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Watch out for missionaries from Lanarkshire

I WAS at a railway station recently when I was approached by an elderly woman who asked if I could help her to decipher a train timetable. Her exact words were: "Excuse me son, would you mind reading this for me, I've come away without my glasses."

This was immediately obvious to me as anyone who calls me son at my age has an eyesight problem. I provided the assistance she requested and directed her to the appropriate platform, amid much thanks and the immortal line:

"You're from Glasgow aren't you? I can tell by your accent. You're much friendlier than thae Edinburgh folk."

I forbore to tell her I was actually born and raised in Lanarkshire in case she took fright.

On the journey back to Glasgow, I reflected on my good fortune in still possessing reasonable eyesight at my age; on whether there is some kind of aura from west of Scotland folks which manifests itself when they are in Edinburgh and serves as a beacon for those requiring assistance; and on whether the woman who asked for my help actually had a literacy rather than an eyesight problem.

This is not normally what I would have thought about if someone had asked for this type of assistance. But I had been to a meeting on adult literacy a few days previous to my Edinburgh encounter and I learnt about some of the strategies used by those with poor reading skills to cover up their problems.

Government statistics suggest that there are 800,000 people across Scotland with low literacy and numeracy skills. Of those, 520,000 (65 per cent) are in work, 88,000 (11 per cent) are unemployed and 192,000 (24 per cent) are economically inactive. Significantly, the Government figures further suggest that only 25 per cent of those with the poorest skills are dissatisfied with them and that literacy is only an issue for 21 per cent of employers.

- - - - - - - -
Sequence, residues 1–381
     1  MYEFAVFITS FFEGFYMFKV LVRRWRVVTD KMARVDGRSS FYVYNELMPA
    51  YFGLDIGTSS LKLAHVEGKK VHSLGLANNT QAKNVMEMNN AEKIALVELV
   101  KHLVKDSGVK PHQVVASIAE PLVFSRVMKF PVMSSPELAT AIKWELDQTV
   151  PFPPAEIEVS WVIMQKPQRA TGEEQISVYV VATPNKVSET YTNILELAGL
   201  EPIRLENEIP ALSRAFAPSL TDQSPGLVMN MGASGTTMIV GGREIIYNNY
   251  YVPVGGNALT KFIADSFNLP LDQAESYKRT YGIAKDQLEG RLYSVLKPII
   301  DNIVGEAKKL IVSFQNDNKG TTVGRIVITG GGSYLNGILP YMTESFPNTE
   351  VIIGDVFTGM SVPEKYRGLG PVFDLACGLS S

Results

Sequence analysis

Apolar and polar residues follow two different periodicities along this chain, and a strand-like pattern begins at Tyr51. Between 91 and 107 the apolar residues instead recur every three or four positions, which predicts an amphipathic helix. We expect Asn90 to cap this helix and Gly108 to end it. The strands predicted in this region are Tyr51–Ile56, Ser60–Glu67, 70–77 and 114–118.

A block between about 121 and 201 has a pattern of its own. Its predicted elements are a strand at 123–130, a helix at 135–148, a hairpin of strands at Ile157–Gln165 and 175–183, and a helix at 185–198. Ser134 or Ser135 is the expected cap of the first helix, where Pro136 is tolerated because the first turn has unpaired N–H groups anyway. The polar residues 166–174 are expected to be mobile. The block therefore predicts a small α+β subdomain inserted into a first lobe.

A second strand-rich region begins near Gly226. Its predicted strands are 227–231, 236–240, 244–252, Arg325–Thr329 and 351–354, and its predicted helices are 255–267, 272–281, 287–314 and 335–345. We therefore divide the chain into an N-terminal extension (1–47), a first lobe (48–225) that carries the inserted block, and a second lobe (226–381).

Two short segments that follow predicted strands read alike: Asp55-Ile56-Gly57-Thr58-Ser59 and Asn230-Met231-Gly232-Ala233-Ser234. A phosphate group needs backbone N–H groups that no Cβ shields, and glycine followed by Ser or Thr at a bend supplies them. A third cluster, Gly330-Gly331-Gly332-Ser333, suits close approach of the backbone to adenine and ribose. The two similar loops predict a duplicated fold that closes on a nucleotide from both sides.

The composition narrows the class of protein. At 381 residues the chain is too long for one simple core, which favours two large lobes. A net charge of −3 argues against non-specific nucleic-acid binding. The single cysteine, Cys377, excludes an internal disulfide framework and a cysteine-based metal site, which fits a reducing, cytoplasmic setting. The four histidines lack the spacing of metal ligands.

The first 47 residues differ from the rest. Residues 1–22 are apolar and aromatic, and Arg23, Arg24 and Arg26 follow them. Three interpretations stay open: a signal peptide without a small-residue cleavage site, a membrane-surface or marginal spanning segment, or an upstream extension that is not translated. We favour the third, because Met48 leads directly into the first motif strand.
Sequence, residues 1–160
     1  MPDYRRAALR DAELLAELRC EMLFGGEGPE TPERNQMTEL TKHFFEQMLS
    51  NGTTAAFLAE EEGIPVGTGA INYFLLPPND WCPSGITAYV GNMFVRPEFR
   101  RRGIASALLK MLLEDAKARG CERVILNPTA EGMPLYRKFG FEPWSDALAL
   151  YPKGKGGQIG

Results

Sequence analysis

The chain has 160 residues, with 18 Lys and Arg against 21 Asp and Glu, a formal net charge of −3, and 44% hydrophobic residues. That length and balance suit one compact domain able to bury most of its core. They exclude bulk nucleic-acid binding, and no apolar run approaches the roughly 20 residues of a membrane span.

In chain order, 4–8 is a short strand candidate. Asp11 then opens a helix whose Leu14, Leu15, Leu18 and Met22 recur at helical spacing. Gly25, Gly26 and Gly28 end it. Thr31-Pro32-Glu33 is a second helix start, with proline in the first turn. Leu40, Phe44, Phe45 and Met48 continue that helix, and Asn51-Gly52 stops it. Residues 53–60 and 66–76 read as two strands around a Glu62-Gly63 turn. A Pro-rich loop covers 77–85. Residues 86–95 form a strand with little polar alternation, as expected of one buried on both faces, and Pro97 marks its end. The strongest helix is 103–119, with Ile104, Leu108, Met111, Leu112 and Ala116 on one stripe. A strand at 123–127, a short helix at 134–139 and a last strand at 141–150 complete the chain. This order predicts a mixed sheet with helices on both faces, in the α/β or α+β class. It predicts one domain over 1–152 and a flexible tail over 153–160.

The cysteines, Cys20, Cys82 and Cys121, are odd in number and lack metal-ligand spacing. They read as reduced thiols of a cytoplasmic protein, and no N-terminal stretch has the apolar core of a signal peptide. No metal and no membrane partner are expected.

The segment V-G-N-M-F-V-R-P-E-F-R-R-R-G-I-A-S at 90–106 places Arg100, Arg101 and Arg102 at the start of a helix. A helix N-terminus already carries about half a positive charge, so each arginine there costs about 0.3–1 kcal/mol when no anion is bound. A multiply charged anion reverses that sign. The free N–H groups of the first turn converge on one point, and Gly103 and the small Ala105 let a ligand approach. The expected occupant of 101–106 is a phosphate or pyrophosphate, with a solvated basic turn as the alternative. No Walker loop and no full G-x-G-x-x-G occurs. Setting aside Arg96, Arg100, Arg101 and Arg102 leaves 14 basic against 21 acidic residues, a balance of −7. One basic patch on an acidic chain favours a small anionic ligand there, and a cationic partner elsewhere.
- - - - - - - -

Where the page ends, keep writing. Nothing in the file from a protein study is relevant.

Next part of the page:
Whatever the figures, priority has been given to certain groups - people with limited initial education, particularly young adults, unemployed people and workers facing redundancy, people with English as a second or additional language, people who live in disadvantaged areas, workers in low skilled jobs, people on low incomes and people with health problems or disability affecting learning, speech, sight or hearing. Many of those we in the FE sector would see as our customers.

The problem is that the resources allocated to solve the problem have been distributed to community learning partnerships, which include local government community education represen-tatives, FE colleges, voluntary organisations and various other interested parties. Perhaps most of the unhappiness stems from the expectation that the resources would go to FE colleges.

There are, of course, the normal mutterings about the money going to local government for party political reasons and what do you expect when FE has no friends at court. I am not going to get sucked into a discussion of the politics of this but there is a perception in FE that the sector has not been treated fairly.

I cannot speak for anyone else, but I am glad to say that in North Lanarkshire we have a very effective partnership. No doubt partly as a consequence of this a consortium comprising the three FE colleges and North Lanarkshire Council has been invited to bid for one of the eight pathfinder projects.

Whatever else happens in other parts of the country, I expect that in years to come you will spot Lanarkshire folks in Edinburgh doing missionary work, helping people to read train timetables.

Norman Williamson is principal of Coatbridge College and a member of the Educational Institute of Scotland.

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